You’ve probably heard of Habitat for Humanity, the non-profit society that helps low-income people all over the world build their own homes, but you may not have heard of ReStores, the retail outlets where Habitat sells new and used building materials, appliances, and other home necessities. The stock consists of donations that aren’t needed for the society’s current building projects, and the money raised goes to fund its work.
Shopping at a ReStore helps a good cause, but does it save you money? I visited my local ReStore to find out. As with many secondhand stores, the answer is not always, but often.
After making my way to the ReStore, a “temporary” looking metal building in an industrial area on the edge of a residential neighborhood, I had to talk myself out of snatching up the free light fixture sitting on a table outside the front entrance. It was less ugly than the one we’ve got in our kitchen now, but only slightly.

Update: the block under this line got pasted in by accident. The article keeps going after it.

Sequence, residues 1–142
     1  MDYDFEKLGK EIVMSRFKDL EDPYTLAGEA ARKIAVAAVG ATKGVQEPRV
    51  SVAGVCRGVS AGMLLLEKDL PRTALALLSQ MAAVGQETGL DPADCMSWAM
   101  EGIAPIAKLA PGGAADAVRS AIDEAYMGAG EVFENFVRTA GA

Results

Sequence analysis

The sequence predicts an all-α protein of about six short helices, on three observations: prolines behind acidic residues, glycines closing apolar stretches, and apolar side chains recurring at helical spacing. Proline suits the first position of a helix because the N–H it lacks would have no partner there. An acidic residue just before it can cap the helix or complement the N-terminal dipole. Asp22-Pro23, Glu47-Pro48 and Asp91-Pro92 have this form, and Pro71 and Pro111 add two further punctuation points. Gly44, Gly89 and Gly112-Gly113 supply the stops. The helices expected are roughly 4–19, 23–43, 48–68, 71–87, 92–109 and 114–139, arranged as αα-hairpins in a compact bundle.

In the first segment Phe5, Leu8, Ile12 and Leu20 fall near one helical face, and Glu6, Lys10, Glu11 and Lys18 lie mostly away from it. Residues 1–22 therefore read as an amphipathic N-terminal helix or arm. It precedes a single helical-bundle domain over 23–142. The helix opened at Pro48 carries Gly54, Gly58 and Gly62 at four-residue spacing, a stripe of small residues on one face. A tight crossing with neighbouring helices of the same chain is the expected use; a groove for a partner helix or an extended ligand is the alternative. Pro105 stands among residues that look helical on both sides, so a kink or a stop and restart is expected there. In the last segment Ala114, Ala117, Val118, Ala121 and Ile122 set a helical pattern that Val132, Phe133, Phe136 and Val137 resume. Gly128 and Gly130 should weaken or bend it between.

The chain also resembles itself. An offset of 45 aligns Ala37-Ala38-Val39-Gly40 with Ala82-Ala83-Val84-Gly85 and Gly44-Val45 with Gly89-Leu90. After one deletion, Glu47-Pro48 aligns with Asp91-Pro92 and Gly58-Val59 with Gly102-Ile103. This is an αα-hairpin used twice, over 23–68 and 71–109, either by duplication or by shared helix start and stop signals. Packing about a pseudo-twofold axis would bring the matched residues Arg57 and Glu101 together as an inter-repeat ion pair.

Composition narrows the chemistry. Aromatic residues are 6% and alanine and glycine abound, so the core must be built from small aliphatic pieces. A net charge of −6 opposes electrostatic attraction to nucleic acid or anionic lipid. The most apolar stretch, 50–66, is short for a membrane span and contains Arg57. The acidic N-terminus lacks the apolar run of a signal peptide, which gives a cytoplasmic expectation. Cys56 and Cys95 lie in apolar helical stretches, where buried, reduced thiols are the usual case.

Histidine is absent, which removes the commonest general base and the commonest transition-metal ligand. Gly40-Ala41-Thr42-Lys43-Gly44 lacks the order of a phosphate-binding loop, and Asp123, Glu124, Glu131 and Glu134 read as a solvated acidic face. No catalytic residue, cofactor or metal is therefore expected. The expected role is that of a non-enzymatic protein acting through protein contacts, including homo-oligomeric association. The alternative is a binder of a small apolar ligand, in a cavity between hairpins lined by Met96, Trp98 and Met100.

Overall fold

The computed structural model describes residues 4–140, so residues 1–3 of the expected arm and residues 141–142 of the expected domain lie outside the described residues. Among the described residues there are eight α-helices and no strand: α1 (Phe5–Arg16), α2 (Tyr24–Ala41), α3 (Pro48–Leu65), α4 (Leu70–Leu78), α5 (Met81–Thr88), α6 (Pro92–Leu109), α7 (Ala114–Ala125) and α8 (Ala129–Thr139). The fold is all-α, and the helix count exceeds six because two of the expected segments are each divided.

Inside, the first thing that caught my attention was a bin full of brand new towel racks for $1 each. Encouraged, I went on to find:
- used refrigerators for as little as $100
- a complete set of oak kitchen cabinets for $450 – at Ikea you’d pay that much for a couple of linear feet of kitchen cabinetry
- snap stone tiles, boxes of 12 for $24.50 – elsewhere, this can run over $30 for a pack of five
- tubes of sealant, $1 each – the cheapest one in the hardware store is over twice that
- a few new clothes – $5 for a shirt
- a full set of used banisters for $125
- anti-bacterial wipes, $2.50 a box
- new ceiling fans, $47.50
- new table lamps, $30 – about half the hardware store price
- used medicine cabinets, $50
- a large used mirror in a wooden frame, $40
To sum up, prices at the ReStore are at least as good as elsewhere, and in many cases much better. Though you’re less likely to find exactly what you want, the selection is fair. So if there’s a ReStore near you, it’s worth checking out the next time you need something for your home.
You may even find what you need free.